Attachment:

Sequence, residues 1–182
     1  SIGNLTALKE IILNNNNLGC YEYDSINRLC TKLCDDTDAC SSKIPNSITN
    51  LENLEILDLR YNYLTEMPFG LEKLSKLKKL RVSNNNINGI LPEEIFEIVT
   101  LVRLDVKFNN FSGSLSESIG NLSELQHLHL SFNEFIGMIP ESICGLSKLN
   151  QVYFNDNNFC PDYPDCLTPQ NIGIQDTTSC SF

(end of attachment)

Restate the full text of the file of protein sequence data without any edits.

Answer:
Sequence, residues 1–182
     1  SIGNLTALKE IILNNNNLGC YEYDSINRLC TKLCDDTDAC SSKIPNSITN
    51  LENLEILDLR YNYLTEMPFG LEKLSKLKKL RVSNNNINGI LPEEIFEIVT
   101  LVRLDVKFNN FSGSLSESIG NLSELQHLHL SFNEFIGMIP ESICGLSKLN
   151  QVYFNDNNFC PDYPDCLTPQ NIGIQDTTSC SF